Election 2020

Myanmar Migrants in Northern Thailand Vote for Peace, Progress in Their Homeland

By Nyein Nyein 15 October 2020

CHIANG MAI, Thailand—Toom Mauk Harn, a native of Mong Pan Township in southeastern Shan State who now lives in Chiang Mai, is one of the many migrants who fled to northern Thailand to escape rampant fighting between local ethnic armed groups and government troops some 20 years ago.

On Sunday, the 42-year-old ethnic Shan cast his advance ballot in Myanmar’s November general election. He did so at the Myanmar Consulate General in Chiang Mai.

“I believe change will come gradually. That’s why I exercised my rights and fulfilled my duty. We will wait and see how much more change there will be in the next five years. I believe it will be better,” he said, while waiting outside the consulate for his turn to vote.

Toom Mauk Harn is among 1,027 Myanmar migrants in northern Thailand who registered to vote via advance ballots in the November election. Worldwide, more than 100,000 Myanmar nationals overseas registered for early voting at 45 different embassies and consulates. Those ballots are being cast between Oct. 1 and Oct. 18. The voting period differs depending on their country of residence.

Toom Mauk Harn (left) and another volunteer cast their advance ballots at the Myanmar Consulate General in Chiang Mai on Oct. 11, 2020. / Nyein Nyein / The Irrawaddy

In Thailand’s nine northern provinces, including Chiang Mai, an estimated 60,000-70,000 Myanmar migrants are working. But the majority of them failed to register as advance voters.

The reasons for failing to register are varied. Some live far away from Chiang Mai. Some never received information about the registration process. And some were not able to leave their work to register, according to volunteers working on migrant voter registration.

When the three-day voting period was completed on Tuesday, the consulate announced that a total of 641 people (62 percent of registered voters) had cast their ballots. That’s in stark contrast to the 2015 election when there was no consulate in Chiang Mai and 30 to 40 Myanmar migrants had to travel to Bangkok to cast their votes.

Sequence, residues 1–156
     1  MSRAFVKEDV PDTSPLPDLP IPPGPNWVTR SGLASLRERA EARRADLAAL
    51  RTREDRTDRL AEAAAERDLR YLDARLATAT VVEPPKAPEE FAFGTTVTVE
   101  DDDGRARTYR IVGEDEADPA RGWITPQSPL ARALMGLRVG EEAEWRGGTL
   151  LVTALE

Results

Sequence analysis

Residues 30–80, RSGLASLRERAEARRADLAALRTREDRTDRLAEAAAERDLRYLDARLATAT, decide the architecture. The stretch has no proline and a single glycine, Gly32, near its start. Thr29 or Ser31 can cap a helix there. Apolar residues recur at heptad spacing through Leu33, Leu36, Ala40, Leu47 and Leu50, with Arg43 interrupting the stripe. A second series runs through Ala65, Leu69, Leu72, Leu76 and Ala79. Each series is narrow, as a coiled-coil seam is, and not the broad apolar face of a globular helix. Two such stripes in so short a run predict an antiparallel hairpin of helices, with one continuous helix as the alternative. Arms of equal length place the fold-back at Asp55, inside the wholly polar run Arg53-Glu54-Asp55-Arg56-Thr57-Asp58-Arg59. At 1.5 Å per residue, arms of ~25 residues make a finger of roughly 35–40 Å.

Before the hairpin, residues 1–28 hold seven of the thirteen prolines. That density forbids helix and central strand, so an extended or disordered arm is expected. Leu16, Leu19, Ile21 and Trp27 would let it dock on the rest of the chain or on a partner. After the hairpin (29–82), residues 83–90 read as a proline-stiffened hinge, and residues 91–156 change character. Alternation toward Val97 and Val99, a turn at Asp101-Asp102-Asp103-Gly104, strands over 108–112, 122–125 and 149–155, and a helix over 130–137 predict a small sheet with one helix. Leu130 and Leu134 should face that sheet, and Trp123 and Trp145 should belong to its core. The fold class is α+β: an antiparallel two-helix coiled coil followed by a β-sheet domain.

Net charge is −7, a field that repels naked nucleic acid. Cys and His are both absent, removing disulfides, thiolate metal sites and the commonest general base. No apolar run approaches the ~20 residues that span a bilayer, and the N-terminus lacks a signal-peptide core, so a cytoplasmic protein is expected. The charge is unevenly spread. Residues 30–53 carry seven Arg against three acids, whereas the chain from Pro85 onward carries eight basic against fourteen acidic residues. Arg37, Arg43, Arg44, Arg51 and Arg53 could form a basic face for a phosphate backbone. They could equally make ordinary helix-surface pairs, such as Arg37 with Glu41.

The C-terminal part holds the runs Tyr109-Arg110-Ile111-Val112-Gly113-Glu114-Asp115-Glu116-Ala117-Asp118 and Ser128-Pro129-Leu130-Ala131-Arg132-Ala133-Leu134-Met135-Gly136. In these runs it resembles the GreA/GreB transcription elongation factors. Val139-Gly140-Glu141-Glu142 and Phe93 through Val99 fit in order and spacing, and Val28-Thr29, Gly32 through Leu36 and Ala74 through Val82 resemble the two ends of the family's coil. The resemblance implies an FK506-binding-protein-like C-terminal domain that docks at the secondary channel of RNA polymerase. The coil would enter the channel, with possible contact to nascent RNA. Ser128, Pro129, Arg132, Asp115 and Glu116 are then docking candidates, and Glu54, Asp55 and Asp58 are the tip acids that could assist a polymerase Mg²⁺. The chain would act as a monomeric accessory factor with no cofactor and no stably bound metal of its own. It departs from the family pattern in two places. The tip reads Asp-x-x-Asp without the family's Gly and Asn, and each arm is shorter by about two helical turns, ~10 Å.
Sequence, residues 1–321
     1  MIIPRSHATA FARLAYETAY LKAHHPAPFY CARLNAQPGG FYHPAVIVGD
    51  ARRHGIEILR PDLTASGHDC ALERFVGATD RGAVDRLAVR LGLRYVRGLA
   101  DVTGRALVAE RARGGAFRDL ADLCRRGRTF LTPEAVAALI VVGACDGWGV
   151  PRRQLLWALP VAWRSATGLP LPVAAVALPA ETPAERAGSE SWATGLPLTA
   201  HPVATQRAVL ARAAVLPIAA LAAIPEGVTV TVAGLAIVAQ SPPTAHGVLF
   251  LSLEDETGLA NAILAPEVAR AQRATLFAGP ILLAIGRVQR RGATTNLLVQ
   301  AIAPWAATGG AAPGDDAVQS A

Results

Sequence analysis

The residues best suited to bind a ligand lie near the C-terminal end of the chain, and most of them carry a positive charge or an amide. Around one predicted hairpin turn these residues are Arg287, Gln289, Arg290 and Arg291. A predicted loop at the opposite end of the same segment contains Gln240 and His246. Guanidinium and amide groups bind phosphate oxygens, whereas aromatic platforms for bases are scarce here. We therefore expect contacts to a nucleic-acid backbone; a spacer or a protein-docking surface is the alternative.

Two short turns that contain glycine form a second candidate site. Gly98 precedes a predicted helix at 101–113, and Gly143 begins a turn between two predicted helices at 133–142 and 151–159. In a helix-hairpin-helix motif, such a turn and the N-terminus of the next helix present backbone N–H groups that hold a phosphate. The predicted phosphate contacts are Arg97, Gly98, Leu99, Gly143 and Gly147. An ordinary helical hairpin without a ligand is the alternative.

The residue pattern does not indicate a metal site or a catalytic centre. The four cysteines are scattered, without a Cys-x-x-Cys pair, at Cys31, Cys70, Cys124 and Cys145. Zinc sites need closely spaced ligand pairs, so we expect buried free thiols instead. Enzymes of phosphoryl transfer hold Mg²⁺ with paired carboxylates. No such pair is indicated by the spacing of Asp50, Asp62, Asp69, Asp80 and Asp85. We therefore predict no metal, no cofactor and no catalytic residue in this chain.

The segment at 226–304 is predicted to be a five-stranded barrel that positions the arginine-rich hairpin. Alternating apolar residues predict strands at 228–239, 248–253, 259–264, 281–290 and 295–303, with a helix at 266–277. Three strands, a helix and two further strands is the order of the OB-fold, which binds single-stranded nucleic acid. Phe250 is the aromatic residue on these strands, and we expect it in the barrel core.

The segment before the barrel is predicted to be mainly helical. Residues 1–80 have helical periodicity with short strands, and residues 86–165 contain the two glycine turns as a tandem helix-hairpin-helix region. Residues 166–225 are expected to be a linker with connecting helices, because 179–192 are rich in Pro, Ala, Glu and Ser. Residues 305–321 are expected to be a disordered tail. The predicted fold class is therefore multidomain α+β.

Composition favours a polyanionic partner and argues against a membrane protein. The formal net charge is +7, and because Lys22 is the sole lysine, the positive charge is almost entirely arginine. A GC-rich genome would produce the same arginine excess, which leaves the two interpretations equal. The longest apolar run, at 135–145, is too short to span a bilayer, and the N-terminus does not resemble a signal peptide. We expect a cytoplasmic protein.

Compared to 2015, more information about the election reached migrant communities this time around. Volunteers said that was partly because political parties have campaigned online to reach voters, not only inside Myanmar, but also outside of the country.

In addition, volunteers like Toom Mauk Harn helped early voters with advance voting education, explaining the process of casting a ballot. Most are ethnic Shan, but there are other ethnic groups such as Chin, Kayah, Kachin, Karen, Lisu, Mro, Rakhine, Bamar and Gurkha involved in advance voting.

Toom Mauk Harn works as the coordinator of the Migrant Assistance Program (MAP)’s multimedia program, under which the MAP aired a radio voter education program in the Shan and Burmese languages to listeners in Myanmar migrant communities in Thailand.

Volunteers explain the voting process to voters before they cast their ballots at the Myanmar Consulate General in Chiang Mai on Oct. 13, 2020. / Nyein Nyein / The Irrawaddy

About 80 percent of the registered voters in Chiang Mai are originally from Shan State. In interviews with about six dozen early voters, The Irrawaddy found that many voted for the popular Shan Nationalities League for Democracy (SNLD), known locally as the “Tiger Head” party. Others said they voted for Daw Aung San Suu Kyi’s National League for Democracy (NLD). In contrast, most Myanmar migrants who cast advance votes at the Myanmar Embassy in Bangkok last week said they voted for the NLD.

Despite differences in their party of choice, most of the voters shared a call for peace in their homeland since many had to leave their homes due to armed conflict.

Among the migrant voters demonstrating their dedication to democratic change in Myanmar were those who are disabled and mothers with toddlers who came to cast advance ballots despite the difficulty of traveling.

Ah Ja, a 38-year-old ethnic Kachin woman from Mogaung Township of Kachin State cast her first ever ballot on Tuesday. Despite being disabled, she took buses for 30 minutes to reach the consulate from her home in Maejo on the outskirts of Chiang Mai.

“I was so worried about making mistakes when casting the ballot. I don’t want my ballot to be rejected, so I studied in advance about how to vote. I was so excited for a week,” she said after casting her vote, with joyful tears in her eyes.

Ah Ja checks her ballot papers before voting at the Myanmar Consulate General in Chiang Mai on Oct. 13, 2020. / Nyein Nyein / The Irrawaddy

Nang Kyi and Sai Nanda, a couple from Shan State’s Kyethi Township, jumped on their motorbike on Saturday to go to the consulate from their home in San Pa Tong district of Chiang Mai, which is some 40 km away, to cast their advance votes. On the way their vehicle was hit by a car and both sustained minor injuries. But the accident did not deter them from casting their ballots. They said they hoped the candidates they chose would demand action “for peace” on their behalf.

Other voters like Nang Hsu from Mong Hsu Township in Shan State also hoped the ballots they cast would bring some more positive changes to their native country in the future.

“When everything is okay and Myanmar is good to live in, we will go back there one day,” she said.

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